Assuming you are like the majority of online surfers, you’re probably running a Microsoft Windows operating system and Internet Explorer for your Internet services.
Why do more people use Internet Explorer? One reason could be simply because it’s integrated with the operating system of all Windows computers and is therefore the easiest option—no downloading necessary! It could be that many people don’t even know about the other browsers. Of course, there are a percentage of users that believe IE is simply better than other browsers. Lets see some comparisons:
IE: Biggest and best. Internet Explorer holds the largest market share for Internet browsers. They must be doing something (rather, things) right. Microsoft is clearly an expert in their industry and have a vast amount of resources. They are constantly working to improve their operating systems, software, speed and security. IE8 is now claimed by experts to be the safest browser. It’s new technology has matched or possibly surpassed its rivals in speed, features, and built-in search address bar.
Rebuttal: Microsoft’s large market share is why many people have avoided using Internet Explorer in the past and will continue to do so. Internet Explorer is more likely to be the target of malware and phishing tactics. Hackers can access the largest amount of computer users by attacking Microsoft because more people use thier products than anyone else’s.
IE: Your Windows partner. Internet Explorer is deeply integrated with the Windows operating system. Using a browser that is an integral part of your operating system instead of downloading a browser can be beneficial. Windows automatically downloads (or alerts you to download) updates for the computer to keep your computer fast and safe. This means that people who are less familiar with computers don’t have to worry about installing updates if they use Internet Explorer—their computer can do it for them.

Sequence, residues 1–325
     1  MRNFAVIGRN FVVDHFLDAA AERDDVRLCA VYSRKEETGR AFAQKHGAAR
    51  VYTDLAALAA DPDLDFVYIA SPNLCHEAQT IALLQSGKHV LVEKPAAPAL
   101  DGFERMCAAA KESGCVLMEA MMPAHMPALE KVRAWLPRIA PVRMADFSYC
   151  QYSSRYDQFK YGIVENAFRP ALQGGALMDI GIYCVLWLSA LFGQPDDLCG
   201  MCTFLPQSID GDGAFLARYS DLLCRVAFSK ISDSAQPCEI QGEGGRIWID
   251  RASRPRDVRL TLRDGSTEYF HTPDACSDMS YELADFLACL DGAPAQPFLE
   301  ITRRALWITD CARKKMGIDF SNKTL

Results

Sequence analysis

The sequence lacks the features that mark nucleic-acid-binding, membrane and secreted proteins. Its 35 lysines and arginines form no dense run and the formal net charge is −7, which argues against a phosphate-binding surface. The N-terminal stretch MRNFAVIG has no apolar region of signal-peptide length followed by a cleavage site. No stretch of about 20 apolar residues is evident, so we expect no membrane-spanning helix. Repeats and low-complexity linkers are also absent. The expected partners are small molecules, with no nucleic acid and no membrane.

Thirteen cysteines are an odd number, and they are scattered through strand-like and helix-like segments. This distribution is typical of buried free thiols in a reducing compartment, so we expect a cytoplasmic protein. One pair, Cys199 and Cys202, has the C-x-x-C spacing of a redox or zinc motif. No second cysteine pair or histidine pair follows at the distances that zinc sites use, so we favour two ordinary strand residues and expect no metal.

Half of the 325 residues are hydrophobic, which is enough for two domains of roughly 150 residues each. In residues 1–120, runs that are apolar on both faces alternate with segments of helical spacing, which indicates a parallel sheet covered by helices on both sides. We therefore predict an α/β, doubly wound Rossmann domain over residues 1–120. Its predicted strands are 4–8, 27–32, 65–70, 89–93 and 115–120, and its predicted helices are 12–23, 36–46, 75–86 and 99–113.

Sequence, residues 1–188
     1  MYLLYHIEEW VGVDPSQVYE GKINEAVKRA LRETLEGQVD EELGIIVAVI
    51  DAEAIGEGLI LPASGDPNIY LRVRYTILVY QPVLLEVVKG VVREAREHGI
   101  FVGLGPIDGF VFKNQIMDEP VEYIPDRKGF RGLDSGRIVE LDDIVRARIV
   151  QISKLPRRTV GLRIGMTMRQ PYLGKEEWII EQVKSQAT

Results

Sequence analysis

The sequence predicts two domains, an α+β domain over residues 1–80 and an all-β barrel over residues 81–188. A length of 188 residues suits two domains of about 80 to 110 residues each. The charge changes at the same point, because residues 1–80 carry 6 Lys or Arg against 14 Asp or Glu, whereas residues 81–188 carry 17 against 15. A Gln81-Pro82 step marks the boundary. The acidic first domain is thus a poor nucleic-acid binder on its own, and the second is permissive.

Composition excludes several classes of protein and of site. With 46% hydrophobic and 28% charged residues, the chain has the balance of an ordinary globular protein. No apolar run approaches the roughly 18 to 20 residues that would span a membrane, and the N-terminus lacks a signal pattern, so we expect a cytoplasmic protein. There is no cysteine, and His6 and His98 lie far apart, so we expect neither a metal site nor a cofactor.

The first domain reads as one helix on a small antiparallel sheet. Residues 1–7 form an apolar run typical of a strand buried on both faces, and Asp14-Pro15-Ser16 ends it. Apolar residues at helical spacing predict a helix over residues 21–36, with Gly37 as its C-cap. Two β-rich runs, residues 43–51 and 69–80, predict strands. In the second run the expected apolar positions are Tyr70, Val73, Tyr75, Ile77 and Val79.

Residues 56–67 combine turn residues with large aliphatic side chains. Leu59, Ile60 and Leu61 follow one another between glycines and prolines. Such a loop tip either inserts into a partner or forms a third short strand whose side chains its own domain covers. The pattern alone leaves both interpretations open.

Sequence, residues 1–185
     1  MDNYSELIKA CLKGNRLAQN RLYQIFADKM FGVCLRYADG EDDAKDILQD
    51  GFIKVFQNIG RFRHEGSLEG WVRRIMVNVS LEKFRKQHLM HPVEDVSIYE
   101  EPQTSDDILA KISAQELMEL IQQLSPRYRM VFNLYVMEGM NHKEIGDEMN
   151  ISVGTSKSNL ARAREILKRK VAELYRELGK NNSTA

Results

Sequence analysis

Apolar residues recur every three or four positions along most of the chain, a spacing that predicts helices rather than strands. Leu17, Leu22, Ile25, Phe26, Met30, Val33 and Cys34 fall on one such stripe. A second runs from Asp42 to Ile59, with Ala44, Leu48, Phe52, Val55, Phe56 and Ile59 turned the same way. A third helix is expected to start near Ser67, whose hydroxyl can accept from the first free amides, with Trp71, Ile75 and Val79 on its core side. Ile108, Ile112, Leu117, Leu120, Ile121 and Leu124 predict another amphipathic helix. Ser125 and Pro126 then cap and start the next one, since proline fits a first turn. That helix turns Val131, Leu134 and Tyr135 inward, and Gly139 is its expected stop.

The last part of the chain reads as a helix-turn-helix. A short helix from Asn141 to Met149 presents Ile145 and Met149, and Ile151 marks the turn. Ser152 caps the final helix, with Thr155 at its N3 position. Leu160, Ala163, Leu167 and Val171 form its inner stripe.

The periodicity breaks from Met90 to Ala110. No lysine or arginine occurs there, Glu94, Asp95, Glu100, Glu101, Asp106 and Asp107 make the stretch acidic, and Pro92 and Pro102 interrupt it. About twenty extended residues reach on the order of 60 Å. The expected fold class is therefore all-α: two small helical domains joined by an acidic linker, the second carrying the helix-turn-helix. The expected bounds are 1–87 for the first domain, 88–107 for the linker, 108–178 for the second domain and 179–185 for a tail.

Rebuttal: New versions of Internet Explorer have caused multiple problems for Windows users, including the latest IE8. Some have even said that Internet Explorer is so much a part of Windows that it can almost not even be called a browser. Downloading IE can be more risky than downloading other browsers because of it’s close ties to the Windows operating system. Uninstalling IE8 could harm your computer or other software even further, should you change your mind.
Microsoft usually fixes their newest browser’s bugs soon after it is released, but too late for some. Many computer technicians recommend waiting several months before upgrading to new IE browsers.
IE: Match your personality. The latest version, IE8, has some unique and compelling new features that appeal to varying personalities. You can customize bookmarks, preset search queries, and choose from a growing list of add-ons. The new web slices and accelerators are built in to the browser, unlike Firefox, where they have to be individually downloaded.
Rebuttal: When it comes to features, IE has a record of being late in the game. IE7 was the last browser existing at the time to have tabbed browsing. IE8 finally matches the reliability of tab browsing that Firefox and Chrome feature, like session restore (returning tabs that unexpectedly close) and tab isolation (running processes separately in each tab to avoid crashing the whole window).
IE may have new features built in, but as a result, the download size is more than double that of other browsers. Many advanced computer users would argue that a browser like Firefox with over 6,000 add-ons is much more convenient, as you have the freedom to choose only the features you want. Others would prefer Google Chrome for it’s very simple layout but advanced and accelerated technology.
Perhaps one of the highest debated comparison is speed. Microsoft, Mozilla, and Google, all say their browser is the fastest according to their tests. You will probably just have to try them for yourself and see which browser performs the best with your particular connection speed and surfing habits.